Documenting Code with AWK

In this article I present an AWK script I've been using for quite some time to create HTML documentation from the headers in my source code.

The script fulfills a similar role as tools like Javadoc and Doxygen, but is not as powerful.

The simplicity comes with some advantages though: AWK is widely available, so I can include the script with my source code and be sure that it will just work. Also, the input (and the output) tends to be simpler, which is ideal for the smaller hobby projects I've been spending my time on.

Introduction to AWK

AWK must certainly be one of the most underappreciated programming languages.

It has a lot of things to like:

It certainly has a good pedigree by including Alfred Aho (author of the Dragon book) and Brian Kernighan (of The C Programming Language) among its creators.

An AWK program consists of a series of constructs like condition { statements }, where the condition is checked against each line in an input file and if it evaluates to true the statements are executed. Conditions are typically regular expressions, but there are some special forms for other purposes.

The following example prints a line from the input file only if it matches the regular expression /foo/:

/foo/ {print}
AWK also conveniently splits each line into columns denoted by '$' signs (separated by spaces by default, but you can change it). The following program prints the second column if the first column matches the regular expression /foo/:
$1~/foo/ {print $2}
AWK has many more features and I encourage you to read more about it if you're not already familiar with it.

Using AWK to document your code

Here's a link to the script's code: doc.awk on github. I don't want to use this article to advertise my particular script, but rather explain the idea so you can adapt it for your own needs.

The BEGIN section opens the <html> tag and generates the <head> with the CSS and then opens the <body> tag. Likewise, the END section closes the <body> and <html> tags;

The core of the script starts with the construct

/\/\*/ { comment = 1; }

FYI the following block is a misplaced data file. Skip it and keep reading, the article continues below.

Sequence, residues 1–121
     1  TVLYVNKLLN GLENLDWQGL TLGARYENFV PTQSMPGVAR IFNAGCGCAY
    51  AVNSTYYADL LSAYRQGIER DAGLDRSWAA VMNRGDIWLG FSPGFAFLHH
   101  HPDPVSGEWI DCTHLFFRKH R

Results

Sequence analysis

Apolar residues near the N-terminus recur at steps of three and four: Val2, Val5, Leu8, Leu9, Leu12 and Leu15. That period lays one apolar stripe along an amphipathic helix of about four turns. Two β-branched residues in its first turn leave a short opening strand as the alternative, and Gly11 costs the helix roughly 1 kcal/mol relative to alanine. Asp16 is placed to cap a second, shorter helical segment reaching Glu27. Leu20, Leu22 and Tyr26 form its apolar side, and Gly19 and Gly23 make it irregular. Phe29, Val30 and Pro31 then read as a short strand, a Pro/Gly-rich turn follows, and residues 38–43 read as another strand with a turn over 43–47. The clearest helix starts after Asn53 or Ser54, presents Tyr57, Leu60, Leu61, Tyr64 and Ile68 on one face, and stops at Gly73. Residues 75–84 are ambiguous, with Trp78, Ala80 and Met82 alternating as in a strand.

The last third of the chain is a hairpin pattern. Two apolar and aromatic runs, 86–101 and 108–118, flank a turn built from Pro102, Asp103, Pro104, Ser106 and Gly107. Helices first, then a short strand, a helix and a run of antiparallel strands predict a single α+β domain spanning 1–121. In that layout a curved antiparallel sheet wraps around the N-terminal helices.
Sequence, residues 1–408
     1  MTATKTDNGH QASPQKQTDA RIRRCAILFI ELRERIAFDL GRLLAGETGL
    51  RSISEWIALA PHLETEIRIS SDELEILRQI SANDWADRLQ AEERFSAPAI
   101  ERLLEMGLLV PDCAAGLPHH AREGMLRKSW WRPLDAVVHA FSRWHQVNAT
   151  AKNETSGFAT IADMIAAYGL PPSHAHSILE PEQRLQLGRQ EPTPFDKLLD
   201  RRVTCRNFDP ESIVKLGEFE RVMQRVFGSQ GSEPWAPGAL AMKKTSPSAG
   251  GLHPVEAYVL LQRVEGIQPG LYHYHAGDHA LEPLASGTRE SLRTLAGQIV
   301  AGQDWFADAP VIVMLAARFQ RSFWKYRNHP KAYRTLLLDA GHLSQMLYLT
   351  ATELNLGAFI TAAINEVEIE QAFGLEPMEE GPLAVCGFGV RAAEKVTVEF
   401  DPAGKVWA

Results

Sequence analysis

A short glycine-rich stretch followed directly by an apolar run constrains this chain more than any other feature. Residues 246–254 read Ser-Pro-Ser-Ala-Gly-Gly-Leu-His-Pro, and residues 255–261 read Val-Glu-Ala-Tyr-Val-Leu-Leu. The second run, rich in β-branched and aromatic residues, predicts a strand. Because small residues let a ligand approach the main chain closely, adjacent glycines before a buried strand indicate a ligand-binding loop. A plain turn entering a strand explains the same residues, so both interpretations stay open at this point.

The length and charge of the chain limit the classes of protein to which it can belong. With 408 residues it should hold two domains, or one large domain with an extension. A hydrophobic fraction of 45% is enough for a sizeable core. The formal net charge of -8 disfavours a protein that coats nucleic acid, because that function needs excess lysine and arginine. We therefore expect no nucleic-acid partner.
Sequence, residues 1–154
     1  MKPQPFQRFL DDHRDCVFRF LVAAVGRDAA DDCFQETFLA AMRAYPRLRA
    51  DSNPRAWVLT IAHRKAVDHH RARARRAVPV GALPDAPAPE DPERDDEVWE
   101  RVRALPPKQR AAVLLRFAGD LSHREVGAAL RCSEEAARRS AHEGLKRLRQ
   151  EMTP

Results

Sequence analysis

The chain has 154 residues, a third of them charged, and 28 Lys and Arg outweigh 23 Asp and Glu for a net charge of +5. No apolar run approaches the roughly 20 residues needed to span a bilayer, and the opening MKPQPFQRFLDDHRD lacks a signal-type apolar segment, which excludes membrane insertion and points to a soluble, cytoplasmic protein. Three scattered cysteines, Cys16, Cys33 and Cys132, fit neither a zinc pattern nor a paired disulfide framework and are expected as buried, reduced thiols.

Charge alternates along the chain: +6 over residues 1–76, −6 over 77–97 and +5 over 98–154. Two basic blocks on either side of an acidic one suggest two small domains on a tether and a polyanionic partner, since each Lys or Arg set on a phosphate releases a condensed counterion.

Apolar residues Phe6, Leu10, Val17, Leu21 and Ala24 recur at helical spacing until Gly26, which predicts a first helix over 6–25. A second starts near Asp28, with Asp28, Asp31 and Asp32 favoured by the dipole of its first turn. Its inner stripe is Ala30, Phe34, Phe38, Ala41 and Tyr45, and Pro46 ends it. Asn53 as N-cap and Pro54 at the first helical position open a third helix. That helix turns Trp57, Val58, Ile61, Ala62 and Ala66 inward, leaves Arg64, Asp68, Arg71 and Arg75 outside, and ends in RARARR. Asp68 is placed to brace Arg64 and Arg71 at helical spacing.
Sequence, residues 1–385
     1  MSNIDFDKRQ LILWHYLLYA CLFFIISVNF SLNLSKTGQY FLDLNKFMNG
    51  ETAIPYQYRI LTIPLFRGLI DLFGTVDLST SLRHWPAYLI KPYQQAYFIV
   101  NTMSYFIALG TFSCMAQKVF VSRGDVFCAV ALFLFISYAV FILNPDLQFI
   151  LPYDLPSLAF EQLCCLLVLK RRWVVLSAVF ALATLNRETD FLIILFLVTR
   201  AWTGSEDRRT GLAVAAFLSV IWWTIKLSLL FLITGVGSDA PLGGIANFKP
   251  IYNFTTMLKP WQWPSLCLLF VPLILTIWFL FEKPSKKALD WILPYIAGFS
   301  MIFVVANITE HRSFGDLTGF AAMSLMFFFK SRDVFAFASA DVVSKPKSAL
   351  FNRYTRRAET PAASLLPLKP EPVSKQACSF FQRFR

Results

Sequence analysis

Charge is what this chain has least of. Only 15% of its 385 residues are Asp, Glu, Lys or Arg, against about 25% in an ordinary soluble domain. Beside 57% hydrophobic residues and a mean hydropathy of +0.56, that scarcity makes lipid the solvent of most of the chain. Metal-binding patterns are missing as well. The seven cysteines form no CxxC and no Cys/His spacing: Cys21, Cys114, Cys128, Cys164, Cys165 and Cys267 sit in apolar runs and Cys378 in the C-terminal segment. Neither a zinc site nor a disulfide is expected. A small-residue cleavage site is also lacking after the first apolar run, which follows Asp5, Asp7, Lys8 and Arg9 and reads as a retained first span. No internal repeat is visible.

which matches the opening of a multi-line comment (the /*) and sets the variable comment to 1. In AWK, anything non-zero is true, so you'll see that the code is littered with if(!comment) next; statements which ensures the script skips lines in the input file which accidentally matches patterns in the script but aren't in comments.

Later when the end of the multi-line comment (the */) is encountered, the script sets comment back to 0 and closes any <div> tags that it may have opened while processing the input.

The meat of the script then processes each line in the comments. Each comment line that forms part of the documentation starts with a glyph (an asterisk and some other symbol) that determines the output. If the line doesn't have a glyph then it is simply ignored, allowing you to have comments in the code that doesn't form part of the documentation.

The simplest glyph is *# that outputs the remainder of the line after passing it through the filter() function (which I'll get to in a moment). If the line is blank then a <br> tag is output, which seems more intuitive.

Other glyphs are *1, *2 and *3 that adds heading tags, *- and *= glyphs for <hr> tags and *[ and *] glyphs that wraps everything between them in a <pre> tag.

I use the *@ glyph to document individual functions - it highlights the line in the output and then wraps the rest of the comment in a <div> tag that creates a box around it. It basically serves the same purpose as the initial /** sequence in a Javadoc comment before a Java method, except that you actually have to supply the method prototype because the script is not smart enough to figure it out.

There are also *{ and *} glyps for creating <ul> lists, each <li> item indicated with a ** glyph.

There are also some glyphs like *X and *N for examples and notes respectively, but they are less useful than I initially thought they would be.

The last part of the script is the function filter(ss) which replaces special characters in the input with their HTML escape sequence (eg. '<' with '&lt;'), replaces special formatting sequences with the appropriate HTML tags (eg. replacing {* with <strong>, *} with </strong> and so on). It also replaces \n sequences with <br> tags to allow you to insert intentional newlines in the documentation.

It also generates <a href="..."> tags for hyperlinks, but it should only be used for simple URLs because detecting URLs with regex is complicated).

Here is an example of what a C header file that uses the script would look like:

/*1 doc.awk example
 *# This is an example of the output 
 *# generated by the {*doc.awk*} script.
 *# You can have text in {/italics/}, {*bold*}
 *# or in {{true type}}.
 *# You can also use simple URLs:
 *# I typically do something like the following to
 *# document my functions:
 *@ int blargle(int argle, char *blort)
 *# Blargles the {{argle}} into {{blort}},
 *# and returns the number of argles blargled.
int blargle(int argle, char *blort) {
	/* normal comments are ignored */ 
This script will generate the following output:

I normally include the script as part of the distribution of my projects' code, but I have created a Gist to serve as the canonical version of the file.

The header files in my wernsey/miscsrc (miscellaneous source code) repository contains several more examples of how I use the script.

To use the script in a Makefile, simply add a target docs that runs the script on your header and redirects the output to an HTML file:

docs: docs.html
docs.html : file.h doc.awk
	awk -f doc.awk -vtitle=$< $< > $@